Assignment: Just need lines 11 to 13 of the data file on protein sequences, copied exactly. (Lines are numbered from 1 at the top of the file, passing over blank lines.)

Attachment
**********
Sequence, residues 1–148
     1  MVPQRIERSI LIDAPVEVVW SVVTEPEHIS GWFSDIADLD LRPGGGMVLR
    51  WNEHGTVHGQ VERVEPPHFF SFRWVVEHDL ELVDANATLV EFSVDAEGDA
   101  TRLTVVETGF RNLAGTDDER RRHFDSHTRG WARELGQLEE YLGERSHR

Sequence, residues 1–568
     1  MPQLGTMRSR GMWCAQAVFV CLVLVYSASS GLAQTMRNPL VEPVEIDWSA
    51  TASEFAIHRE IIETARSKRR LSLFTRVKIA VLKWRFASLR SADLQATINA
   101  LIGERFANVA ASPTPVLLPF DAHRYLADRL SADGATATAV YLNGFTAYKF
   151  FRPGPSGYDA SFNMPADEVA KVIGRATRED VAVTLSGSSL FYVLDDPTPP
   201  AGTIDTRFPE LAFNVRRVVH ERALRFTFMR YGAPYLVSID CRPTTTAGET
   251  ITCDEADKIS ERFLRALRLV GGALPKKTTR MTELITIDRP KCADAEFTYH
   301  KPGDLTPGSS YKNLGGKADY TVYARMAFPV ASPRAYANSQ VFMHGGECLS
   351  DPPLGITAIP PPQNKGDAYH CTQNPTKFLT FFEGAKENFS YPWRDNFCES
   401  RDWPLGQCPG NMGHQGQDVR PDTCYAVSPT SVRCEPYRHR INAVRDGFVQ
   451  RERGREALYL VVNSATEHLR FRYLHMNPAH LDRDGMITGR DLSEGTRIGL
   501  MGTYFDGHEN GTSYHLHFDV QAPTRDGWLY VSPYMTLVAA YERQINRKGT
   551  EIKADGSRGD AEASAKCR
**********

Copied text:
   251  ITCDEADKIS ERFLRALRLV GGALPKKTTR MTELITIDRP KCADAEFTYH
   301  KPGDLTPGSS YKNLGGKADY TVYARMAFPV ASPRAYANSQ VFMHGGECLS
   351  DPPLGITAIP PPQNKGDAYH CTQNPTKFLT FFEGAKENFS YPWRDNFCES